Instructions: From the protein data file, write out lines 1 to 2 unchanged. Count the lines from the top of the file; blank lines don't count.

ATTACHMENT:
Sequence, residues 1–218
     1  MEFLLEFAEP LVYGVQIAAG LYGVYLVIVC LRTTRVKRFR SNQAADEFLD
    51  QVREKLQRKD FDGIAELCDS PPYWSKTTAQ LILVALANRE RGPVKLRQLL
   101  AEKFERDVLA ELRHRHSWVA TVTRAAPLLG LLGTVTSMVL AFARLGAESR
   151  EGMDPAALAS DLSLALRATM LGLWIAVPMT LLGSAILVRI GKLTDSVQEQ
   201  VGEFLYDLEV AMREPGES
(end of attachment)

Sequence, residues 1–218
     1  MEFLLEFAEP LVYGVQIAAG LYGVYLVIVC LRTTRVKRFR SNQAADEFLD